One feature of the Blitz of 1940-41 reported in popular memory was the idea of ‘Blitz Spirit’. The people of Britain reacted to the German bombing of their cities by demonstrating a spirit that united communities in an altruistic effort against an external enemy. People worked together to suffer hardships for the sake of victory and put pre-war social and class differences aside in stoical endurance to fight on in the face of Nazi aggression.

Several historians have shown that the so called Blitz Spirit was a myth and was not wide spread (see Calder below).[1] Other scholars have suggested that while the Blitz Spirit has been mythologised there was some evidence that people were drawn together in mutual adversity.[2] There is evidence to suggest that people in Belfast were drawn together as a consequence of the Blitz, giving each other mutual support and assistance in the aftermath of the raids.

This is in many ways surprising as Belfast was riven by social, political, cultural and economic divides. It was a city of rich and poor with one third of the city living in poverty.[3] The city was also divided by a Protestant majority and a small Catholic minority of around 25%. The city had witnessed inter-community rioting, murder and destruction in the early 1920s and in 1935.[4]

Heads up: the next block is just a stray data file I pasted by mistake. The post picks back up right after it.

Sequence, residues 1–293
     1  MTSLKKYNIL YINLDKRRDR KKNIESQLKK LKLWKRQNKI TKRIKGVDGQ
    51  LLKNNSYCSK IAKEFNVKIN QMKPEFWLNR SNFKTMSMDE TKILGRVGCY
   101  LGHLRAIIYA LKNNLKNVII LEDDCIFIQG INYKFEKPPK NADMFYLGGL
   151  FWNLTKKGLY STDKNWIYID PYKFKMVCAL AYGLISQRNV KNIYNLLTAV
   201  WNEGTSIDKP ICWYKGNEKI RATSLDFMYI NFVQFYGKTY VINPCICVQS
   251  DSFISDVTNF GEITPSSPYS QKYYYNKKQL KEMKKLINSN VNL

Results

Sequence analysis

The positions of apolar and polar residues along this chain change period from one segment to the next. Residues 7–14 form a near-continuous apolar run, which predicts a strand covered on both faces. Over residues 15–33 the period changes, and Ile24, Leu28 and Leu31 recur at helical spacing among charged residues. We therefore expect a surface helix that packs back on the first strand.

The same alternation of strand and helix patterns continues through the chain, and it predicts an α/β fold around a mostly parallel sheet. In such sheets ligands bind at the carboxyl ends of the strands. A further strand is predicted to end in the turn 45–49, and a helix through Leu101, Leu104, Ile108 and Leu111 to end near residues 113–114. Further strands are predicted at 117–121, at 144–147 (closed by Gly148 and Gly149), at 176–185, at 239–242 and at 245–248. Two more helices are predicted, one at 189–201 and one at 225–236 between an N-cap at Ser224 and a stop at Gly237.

There are many examples of communities coming together despite the age old sectarian and economic divides. The Catholic Clonard Monastery opened its crypt as a shelter and was used by ‘all, Protestants included’.[5] The Irish Times on 17 April believed that ‘the people of Ireland were united under the shadow of a national blow. Has it taken bursting bombs to remind the people of this little country that they have common tradition, a common genius and a common home?’ Many people gave bedding, cloths and cash to various calls for charity (see letter below).[6]


[1] Angus Calder, The Myth of the Blitz (London: Jonathan Cape, 1991).

[2] BBC One – Blitz Spirit with Lucy Worsley https://www.bbc.co.uk/programmes/m000sm7s

[3] Brian Barton, Belfast in the War Years, Belfast in the War Years (Belfast: Blackstaff Press, 1989), p.15.

[4] Brian Barton, Belfast in the War Years, Belfast in the War Years (Belfast: Blackstaff Press, 1989), p.21.

[5] Cited in Stephen Douds, The Belfast Blitz, The People’s Story (Belfast: Blackstaff Press, 2011), p.128.

[6] Northern Whig, 23 April 1941, p.2.